I was intrigued by the words “interpretative walkway” in the itinerary description of our first hike through Johnston Canyon, located within Banff National Park, as all trips provide so many opportunities to learn more and more. Here is the definition:
interpretive trail (nature trail): Short to moderate lengthtrail (usually ¼ mile to 1 ½ miles long) with the primary function of providing an opportunity to walk and study interesting or unusual plants or natural features at user’s pleasure.
It was and I was thrilled. Located about halfway between Banff and Lake Louise, along the Bow River Parkway, Johnston Canyon is a very popular site due to its easy walkways taking you through breathtaking views with constantly changing scenery of quiet forest of evergreen trees, ferns and mosses in contrast with the rushing waters of Johnston Creek changing colors, from crystal clear, to bright turquoise to milky white, depending on the sunlight and glacier flour (see previous post). Two waterfalls, the Lower and Upper provide additional impressive views.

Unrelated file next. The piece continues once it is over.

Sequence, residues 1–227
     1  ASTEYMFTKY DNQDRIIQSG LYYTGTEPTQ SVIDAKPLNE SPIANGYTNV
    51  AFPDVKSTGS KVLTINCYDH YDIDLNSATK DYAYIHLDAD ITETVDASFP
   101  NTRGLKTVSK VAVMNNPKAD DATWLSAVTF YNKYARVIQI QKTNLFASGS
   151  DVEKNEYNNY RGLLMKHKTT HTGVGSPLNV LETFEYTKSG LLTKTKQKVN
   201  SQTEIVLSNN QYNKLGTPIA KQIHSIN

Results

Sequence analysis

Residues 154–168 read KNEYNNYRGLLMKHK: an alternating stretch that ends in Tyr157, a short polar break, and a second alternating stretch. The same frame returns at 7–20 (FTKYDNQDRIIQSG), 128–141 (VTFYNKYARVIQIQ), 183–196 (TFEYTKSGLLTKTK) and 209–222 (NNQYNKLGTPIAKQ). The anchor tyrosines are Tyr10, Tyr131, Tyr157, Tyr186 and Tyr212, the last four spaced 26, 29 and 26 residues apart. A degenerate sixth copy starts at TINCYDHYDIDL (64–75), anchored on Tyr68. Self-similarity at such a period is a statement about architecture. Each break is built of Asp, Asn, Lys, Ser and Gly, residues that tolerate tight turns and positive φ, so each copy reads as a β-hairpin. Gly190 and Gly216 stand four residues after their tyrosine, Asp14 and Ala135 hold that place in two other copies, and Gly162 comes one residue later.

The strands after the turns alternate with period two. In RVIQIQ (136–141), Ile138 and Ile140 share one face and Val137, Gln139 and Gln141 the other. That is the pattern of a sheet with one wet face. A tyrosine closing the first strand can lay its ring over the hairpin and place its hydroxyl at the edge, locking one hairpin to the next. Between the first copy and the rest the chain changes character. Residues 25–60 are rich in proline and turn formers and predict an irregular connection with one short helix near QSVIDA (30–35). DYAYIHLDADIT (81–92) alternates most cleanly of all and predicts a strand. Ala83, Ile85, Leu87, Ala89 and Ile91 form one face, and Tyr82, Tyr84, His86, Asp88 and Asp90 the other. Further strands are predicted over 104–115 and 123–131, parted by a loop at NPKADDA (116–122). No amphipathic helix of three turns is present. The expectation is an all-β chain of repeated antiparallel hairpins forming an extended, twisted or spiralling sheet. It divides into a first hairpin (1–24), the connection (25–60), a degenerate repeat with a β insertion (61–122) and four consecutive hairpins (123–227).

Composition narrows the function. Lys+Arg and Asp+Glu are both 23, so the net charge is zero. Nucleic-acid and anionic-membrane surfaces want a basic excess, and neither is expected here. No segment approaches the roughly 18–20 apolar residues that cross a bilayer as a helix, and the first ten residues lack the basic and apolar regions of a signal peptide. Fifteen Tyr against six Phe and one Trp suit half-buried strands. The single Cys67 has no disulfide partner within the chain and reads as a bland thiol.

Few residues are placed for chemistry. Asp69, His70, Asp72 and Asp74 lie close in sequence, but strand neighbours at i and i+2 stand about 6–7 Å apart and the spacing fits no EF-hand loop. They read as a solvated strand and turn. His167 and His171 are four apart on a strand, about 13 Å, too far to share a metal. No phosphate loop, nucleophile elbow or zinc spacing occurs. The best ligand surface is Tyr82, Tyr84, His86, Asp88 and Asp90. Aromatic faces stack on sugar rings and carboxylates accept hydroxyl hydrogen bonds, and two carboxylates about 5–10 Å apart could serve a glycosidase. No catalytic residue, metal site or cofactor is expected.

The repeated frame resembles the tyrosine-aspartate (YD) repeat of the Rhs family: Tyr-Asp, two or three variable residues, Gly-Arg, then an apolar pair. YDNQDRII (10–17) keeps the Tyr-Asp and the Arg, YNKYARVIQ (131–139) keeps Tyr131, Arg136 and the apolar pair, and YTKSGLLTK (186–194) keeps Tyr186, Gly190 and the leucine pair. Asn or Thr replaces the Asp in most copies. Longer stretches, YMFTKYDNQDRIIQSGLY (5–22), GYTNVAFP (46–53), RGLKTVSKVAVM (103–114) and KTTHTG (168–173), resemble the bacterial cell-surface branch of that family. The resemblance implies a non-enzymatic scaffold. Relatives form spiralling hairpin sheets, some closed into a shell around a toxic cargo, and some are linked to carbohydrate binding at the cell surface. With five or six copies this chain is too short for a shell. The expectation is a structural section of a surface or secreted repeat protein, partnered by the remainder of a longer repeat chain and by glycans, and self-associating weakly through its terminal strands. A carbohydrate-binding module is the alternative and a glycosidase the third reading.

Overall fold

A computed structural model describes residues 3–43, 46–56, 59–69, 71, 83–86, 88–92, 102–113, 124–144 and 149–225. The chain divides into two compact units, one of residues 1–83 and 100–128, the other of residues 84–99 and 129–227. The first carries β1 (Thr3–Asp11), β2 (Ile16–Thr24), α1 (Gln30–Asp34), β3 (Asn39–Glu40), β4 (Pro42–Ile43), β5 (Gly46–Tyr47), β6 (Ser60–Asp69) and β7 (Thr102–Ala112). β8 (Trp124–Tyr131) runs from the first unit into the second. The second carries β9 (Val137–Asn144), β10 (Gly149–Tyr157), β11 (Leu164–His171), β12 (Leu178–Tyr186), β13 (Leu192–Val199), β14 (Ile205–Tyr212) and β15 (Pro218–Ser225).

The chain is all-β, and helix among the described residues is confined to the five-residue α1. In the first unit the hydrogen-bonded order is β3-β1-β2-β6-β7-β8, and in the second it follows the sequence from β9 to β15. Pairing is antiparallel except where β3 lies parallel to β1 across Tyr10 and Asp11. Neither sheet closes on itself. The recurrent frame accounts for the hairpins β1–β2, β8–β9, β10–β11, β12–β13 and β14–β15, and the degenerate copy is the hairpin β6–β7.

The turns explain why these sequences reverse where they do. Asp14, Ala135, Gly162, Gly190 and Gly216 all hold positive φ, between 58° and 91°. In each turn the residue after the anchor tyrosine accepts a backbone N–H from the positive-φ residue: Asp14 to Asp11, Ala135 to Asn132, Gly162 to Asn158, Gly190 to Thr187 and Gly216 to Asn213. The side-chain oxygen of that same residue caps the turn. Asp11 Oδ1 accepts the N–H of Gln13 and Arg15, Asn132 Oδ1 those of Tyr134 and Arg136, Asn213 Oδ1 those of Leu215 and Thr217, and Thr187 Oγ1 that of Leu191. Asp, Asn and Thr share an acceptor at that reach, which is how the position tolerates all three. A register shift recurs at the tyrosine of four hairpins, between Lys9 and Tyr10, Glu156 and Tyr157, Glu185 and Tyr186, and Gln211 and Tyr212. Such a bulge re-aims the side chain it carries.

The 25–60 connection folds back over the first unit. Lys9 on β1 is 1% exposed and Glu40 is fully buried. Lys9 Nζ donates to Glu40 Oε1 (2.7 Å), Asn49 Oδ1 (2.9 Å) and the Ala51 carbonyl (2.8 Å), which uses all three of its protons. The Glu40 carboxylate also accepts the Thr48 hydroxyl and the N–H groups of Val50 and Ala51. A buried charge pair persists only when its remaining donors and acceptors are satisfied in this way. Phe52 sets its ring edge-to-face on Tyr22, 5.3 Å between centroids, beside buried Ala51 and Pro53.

There was only one hiccup. Since this was the first of a number of stops before we got to our hotel for the night, we were on kind of a clock. There was plenty of time to get to the Lower Falls and back – except I was constantly mesmerized by pretty much everything, necessitating many photo stops, until I suddenly realized I had lingered a bit too long, so I reversed my route to get back to the group.
No worries – I had gotten plenty of eye candy along the way., beginning with the gentle, quiet entry into canyon:
Then the kaleidoscope of colors took over:
and roaring waters:
Oh and here are the falls, courtesy of Johnston Canyon website, since my too long lingering below the falls prevented me from getting there:
Not bad for a first excursion – and there is more to come!